Saturday 26 April 2008

Mind the gap: commuters face walk at 'integrated' rail station

THE extension of Luas to the Point Depot in Dublin will link up with the city's newest train station, as long as commuters don't mind a 350-metre walk.

The Department of Transport insisted yesterday that the docklands Luas was integrated with the docklands station, but admitted a short walk would be required to move from one public transport system to the other.

The bizarre possibility of an "integrated" public transport system requiring the use of an umbrella to make a connecting journey was raised yesterday, with Fine Gael accusing the Government of making a "huge mistake" and failing to learn the lessons of the past.

Enterprise, Trade and Employment spokesman Leo Varadkar said the decision not to have Luas stopping at the docklands station was "madness", and urged the Government to re-consider the route.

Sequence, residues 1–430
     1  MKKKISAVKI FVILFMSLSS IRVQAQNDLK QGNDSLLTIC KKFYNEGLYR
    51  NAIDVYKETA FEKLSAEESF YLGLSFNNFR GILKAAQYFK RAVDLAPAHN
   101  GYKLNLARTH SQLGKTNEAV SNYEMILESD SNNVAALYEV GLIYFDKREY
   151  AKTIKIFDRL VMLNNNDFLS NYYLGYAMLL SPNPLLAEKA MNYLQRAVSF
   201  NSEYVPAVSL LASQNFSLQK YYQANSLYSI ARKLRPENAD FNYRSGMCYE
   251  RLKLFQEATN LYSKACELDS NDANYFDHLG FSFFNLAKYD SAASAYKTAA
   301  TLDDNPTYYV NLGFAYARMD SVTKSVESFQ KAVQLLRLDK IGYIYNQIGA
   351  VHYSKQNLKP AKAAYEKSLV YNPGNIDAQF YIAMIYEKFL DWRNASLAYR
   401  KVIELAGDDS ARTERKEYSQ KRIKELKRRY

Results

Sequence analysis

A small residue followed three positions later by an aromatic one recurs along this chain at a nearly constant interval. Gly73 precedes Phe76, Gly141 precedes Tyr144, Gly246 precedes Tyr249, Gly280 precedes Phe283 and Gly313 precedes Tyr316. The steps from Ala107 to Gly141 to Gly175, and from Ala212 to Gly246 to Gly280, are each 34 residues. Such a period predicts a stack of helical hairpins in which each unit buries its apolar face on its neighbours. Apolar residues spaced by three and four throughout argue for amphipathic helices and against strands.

"Commuters are still scratching their heads about the Government's decision not to link the red and green Luas lines, this mistake is now being rectified at the cost of millions of euros," he said.

"Fianna Fail is about to make the same mistake in the docklands. The new Luas docklands extension will not link up with the existing Iarnrod Eireann docklands train station. Once again, Fianna Fail is showing that it cannot learn from its mistakes.

"Minister Noel Dempsey must urgently review this crazy decision. Dublin commuters already have to face traffic gridlock, the M50 car park, the insanity of the Mad Cow, an inadequate bus network and the prospect of a congestion charge. To build a Luas almost half-a-kilometre from an existing train station is a further insult."

Last week, Mr Dempsey said, in reply to a parliamentary question, that the Luas extension to the Point Depot would include a stop at Spencer Dock.

A spokeswoman for Mr Dempsey said the Luas and docklands rail would be integrated. The Railway Procurement Agency, responsible for delivering the Luas extension, added the Luas would stop "very close" to the docklands.

Paul Melia
Irish Independent

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